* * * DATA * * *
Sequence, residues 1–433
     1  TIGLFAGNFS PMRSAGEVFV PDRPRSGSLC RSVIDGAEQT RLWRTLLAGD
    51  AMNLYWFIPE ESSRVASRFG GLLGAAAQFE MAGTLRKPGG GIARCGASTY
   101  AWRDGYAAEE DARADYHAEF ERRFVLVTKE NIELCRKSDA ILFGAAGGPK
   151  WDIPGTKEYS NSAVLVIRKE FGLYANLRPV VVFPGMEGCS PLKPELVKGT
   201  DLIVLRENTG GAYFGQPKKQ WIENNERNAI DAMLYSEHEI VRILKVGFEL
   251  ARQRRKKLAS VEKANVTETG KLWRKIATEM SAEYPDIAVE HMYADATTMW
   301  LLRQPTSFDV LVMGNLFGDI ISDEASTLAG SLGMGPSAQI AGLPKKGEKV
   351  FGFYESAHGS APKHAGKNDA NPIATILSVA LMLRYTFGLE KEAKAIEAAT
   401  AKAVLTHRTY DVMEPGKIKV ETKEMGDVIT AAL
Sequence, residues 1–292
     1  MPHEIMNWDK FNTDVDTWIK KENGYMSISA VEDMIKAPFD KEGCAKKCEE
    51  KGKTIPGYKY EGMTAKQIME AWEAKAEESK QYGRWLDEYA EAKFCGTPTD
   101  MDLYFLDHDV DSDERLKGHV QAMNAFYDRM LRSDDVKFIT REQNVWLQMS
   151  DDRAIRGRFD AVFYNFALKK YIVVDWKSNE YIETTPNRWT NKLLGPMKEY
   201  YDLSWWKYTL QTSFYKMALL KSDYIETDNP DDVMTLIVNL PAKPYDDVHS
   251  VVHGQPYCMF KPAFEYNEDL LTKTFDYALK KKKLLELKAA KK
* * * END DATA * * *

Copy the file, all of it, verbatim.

Sequence, residues 1–433
     1  TIGLFAGNFS PMRSAGEVFV PDRPRSGSLC RSVIDGAEQT RLWRTLLAGD
    51  AMNLYWFIPE ESSRVASRFG GLLGAAAQFE MAGTLRKPGG GIARCGASTY
   101  AWRDGYAAEE DARADYHAEF ERRFVLVTKE NIELCRKSDA ILFGAAGGPK
   151  WDIPGTKEYS NSAVLVIRKE FGLYANLRPV VVFPGMEGCS PLKPELVKGT
   201  DLIVLRENTG GAYFGQPKKQ WIENNERNAI DAMLYSEHEI VRILKVGFEL
   251  ARQRRKKLAS VEKANVTETG KLWRKIATEM SAEYPDIAVE HMYADATTMW
   301  LLRQPTSFDV LVMGNLFGDI ISDEASTLAG SLGMGPSAQI AGLPKKGEKV
   351  FGFYESAHGS APKHAGKNDA NPIATILSVA LMLRYTFGLE KEAKAIEAAT
   401  AKAVLTHRTY DVMEPGKIKV ETKEMGDVIT AAL
Sequence, residues 1–292
     1  MPHEIMNWDK FNTDVDTWIK KENGYMSISA VEDMIKAPFD KEGCAKKCEE
    51  KGKTIPGYKY EGMTAKQIME AWEAKAEESK QYGRWLDEYA EAKFCGTPTD
   101  MDLYFLDHDV DSDERLKGHV QAMNAFYDRM LRSDDVKFIT REQNVWLQMS
   151  DDRAIRGRFD AVFYNFALKK YIVVDWKSNE YIETTPNRWT NKLLGPMKEY
   201  YDLSWWKYTL QTSFYKMALL KSDYIETDNP DDVMTLIVNL PAKPYDDVHS
   251  VVHGQPYCMF KPAFEYNEDL LTKTFDYALK KKKLLELKAA KK